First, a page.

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In a letter to his publisher, Keats pointed to this quality in describing the kind of writing he hoped to achieve: “I think poetry should … strike the reader as a wording of his own highest thoughts and appear almost a remembrance.” And one of Haydn’s contemporaries, the critic Ernst Ludwig Gerber, said of that great composer, “He possesses the great art of making his music oftentimes seem familiar.” To be sure, this recognition of inevitability of expression does not always come at once. It may be delayed till one knows the work more thoroughly, because art does not always wear its heart on its sleeve.

These four criteria—durability, unity, integrity, and inevitability—give us some insight into the nature of aesthetic truth. They are not the whole answer to the question “What is truth in art?,” but they are components of it. And they are closely interrelated principles; each contains something of the others.

To these four marks of truth in art let us add two examples from art that is Christian. Here the criterion is the reflection of the reality of God himself.

The musically sensitive Christian who listens to a performance of Bach’s B Minor Mass experiences a supreme example of truth-telling in sound. Truth may be defined as correspondence with reality. The ultimate reality is God, and the Christian knows this reality in Jesus Christ, God manifest in human form. Anything in art that sheds light on this reality has truth at the highest level.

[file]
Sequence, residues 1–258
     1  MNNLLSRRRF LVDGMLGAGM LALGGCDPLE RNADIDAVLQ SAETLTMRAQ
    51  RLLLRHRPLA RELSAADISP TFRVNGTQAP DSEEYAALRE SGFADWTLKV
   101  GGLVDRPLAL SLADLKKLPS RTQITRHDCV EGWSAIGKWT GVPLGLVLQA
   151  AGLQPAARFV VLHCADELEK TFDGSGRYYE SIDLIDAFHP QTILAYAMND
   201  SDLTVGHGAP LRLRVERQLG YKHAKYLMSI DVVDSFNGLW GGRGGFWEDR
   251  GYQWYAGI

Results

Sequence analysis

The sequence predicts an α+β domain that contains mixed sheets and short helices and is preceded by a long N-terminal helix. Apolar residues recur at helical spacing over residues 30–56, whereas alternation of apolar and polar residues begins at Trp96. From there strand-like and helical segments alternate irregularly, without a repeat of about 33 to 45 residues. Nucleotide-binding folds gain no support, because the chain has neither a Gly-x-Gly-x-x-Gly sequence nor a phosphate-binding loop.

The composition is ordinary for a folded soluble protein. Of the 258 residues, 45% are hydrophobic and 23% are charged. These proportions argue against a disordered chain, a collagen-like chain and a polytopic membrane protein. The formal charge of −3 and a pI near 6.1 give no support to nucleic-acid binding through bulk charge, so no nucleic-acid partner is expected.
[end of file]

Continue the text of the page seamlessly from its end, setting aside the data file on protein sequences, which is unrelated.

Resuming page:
So consider a Christian hearing the B Minor Mass. As he listens to the hushed sound of the “Crucifixus” with its mysterious downward progressions, he hears a tonal portrayal of the Atonement that goes straight to the heart. Then, at the end of the “Crucifixus,” there is the sudden outburst of joy in the “Resurrexit,” as choir and orchestra acclaim the risen Lord Jesus Christ with a power few if any written commentaries ever attain. This presentation of the truth transcends barriers of language as it speaks to all Christian hearers. Aristotle spoke of art as mimesis or “imitation.” Here is mimesis in the highest sense, as Bach puts into music the profound truths of Christ’s passion and the victory over death.

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To turn to another field, consider Rembrandt’s great portrayal of the supper at Emmaus. Here is truth in form and color. Unlike Salvador Dali, who painted a blond Christ on a cross suspended between heaven and earth, Rembrandt portrayed Christ with integrity. His pictures show us our Lord as he was—Jewish, a real human being here on earth. Yet when the great artist paints the supper at Emmaus, he gives us the very moment of truth when the disciples’ eyes are opened and they see the risen Lord. The person they see is indeed human. We recognize him as the Christ, but Rembrandt shows us at the same time his glory. Here again we have truth in art, mimesis in its highest Christian sense.

But what about truth in lesser works of art and literature? Truth in art cannot be limited to the works of supreme genius. Wherever there is integrity, honest craftsmanship, and devoted cultivation of talent, there something of truth may break through. Literature has its minor classics and painting its primitives. Folk music can speak as authentically as a sonata. Honest craftsmanship, as in functionally beautiful furniture or pottery, enriches culture. And though these may not receive universal renown, they can attain a measure of truth.

No discussion of truth in art can be considered complete without some reference to the relation of beauty to truth. After contemplating an ancient vase, John Keats wrote his “Ode on a Grecian Urn.” The final lines of the poem—“ ‘Beauty is truth, truth beauty—that is all / Ye know on earth, and all ye need to know’ ”—seem to provide a definitive answer to the question.